The former banker and then-presidential hopeful was just as uncompromising over Brexit, speaking in English in an interview with Channel 4 in February. “I will be pretty tough on it, because we have to be tough on the rest of the European Union, and not to convey the message that you can decide to leave without any consequence,” Emmanuel Macron said. The aim, he added, was not to punish Britain but “to be consistent with such a decision. You don’t get the passport, and you don’t get access to the single market when you decide to leave.”
Updated piece on Macron, the EU and Brexit: https://t.co/qJcNwji1NP— Faisal Islam (@faisalislam) May 8, 2017
How hard will Macron really be on Brexit?
The next French president will not decide alone the course of the Brexit negotiations. Britain is also an important trading partner for France, Macron himself comes from the north of the country and is unlikely to want the English Channel to become a kind of new economic wall. However in an interview with the Financial Times before last year’s EU referendum, Macron said: “Objectively, Brexit has more of an impact on Britain than Europe from an economic point of view – our dependence on the British economy is not so huge”.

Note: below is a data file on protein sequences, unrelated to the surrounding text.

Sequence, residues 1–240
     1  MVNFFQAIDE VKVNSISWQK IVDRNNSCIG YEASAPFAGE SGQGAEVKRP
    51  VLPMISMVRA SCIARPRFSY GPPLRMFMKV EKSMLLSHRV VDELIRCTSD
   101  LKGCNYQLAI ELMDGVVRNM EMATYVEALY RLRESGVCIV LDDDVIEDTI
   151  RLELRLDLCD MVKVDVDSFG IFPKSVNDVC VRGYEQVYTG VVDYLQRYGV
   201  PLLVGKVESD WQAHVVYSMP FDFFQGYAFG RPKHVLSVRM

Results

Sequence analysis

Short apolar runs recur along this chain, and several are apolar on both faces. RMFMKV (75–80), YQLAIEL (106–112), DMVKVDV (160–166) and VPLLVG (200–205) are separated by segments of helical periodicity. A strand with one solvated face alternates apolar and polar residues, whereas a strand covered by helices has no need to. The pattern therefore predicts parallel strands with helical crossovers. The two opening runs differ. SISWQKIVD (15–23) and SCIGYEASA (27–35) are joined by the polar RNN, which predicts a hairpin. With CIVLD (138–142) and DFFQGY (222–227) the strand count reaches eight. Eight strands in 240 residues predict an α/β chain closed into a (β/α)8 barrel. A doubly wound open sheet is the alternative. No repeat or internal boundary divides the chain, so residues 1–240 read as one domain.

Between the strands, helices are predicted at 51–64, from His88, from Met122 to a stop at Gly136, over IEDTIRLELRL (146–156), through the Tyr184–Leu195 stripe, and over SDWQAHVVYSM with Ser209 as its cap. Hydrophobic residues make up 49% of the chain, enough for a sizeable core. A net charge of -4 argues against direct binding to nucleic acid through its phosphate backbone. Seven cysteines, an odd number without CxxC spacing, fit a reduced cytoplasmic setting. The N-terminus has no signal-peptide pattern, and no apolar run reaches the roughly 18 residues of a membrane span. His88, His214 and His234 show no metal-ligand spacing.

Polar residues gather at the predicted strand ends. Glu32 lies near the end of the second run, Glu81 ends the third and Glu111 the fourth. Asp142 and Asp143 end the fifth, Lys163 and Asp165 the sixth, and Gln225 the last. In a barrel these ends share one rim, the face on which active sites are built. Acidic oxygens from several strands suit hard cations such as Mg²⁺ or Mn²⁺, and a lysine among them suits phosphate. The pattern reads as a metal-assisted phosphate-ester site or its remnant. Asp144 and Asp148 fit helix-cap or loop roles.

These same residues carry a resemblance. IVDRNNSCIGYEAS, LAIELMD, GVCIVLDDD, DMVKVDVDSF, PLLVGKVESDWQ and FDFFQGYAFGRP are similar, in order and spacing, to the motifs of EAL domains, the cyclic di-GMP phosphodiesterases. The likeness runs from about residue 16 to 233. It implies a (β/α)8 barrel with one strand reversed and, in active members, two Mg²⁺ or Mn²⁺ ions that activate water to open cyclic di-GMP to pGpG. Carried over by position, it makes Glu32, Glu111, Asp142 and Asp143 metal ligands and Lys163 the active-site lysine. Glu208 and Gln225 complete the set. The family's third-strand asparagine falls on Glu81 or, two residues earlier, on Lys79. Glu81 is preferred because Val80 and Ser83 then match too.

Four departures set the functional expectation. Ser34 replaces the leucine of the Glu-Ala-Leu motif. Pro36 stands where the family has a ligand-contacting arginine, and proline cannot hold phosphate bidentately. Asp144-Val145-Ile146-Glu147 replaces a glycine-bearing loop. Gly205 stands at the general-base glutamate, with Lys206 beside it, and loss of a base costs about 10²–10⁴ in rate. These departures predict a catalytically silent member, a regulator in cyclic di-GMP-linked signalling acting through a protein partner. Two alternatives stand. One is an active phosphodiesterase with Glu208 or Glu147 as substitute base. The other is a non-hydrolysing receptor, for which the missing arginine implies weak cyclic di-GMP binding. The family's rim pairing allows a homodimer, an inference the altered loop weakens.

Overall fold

Some commentators have suggested that tackling domestic French problems will be a far higher priority than Brexit. And that a reinvigorated EU, having seen off the populist wave at least for the time being, may not see the need to be quite so tough on the UK.
Following his victory, Emmanuel Macron’s chief economic adviser, Jean Pisani-Ferry told BBC Radio on Monday that no-one had an interest in a “hard Brexit”. “There is a mutual interest in keeping the prosperity that exists and that has been built over the years, also the security and defence relationship which is extremely important in the kind of environment we are in, and which is a very dangerous environment. So we have to keep all that. At the same time we have divergent interests on some aspects of the negotiation, so there will be a tough negotiation and he will be tough,” he said.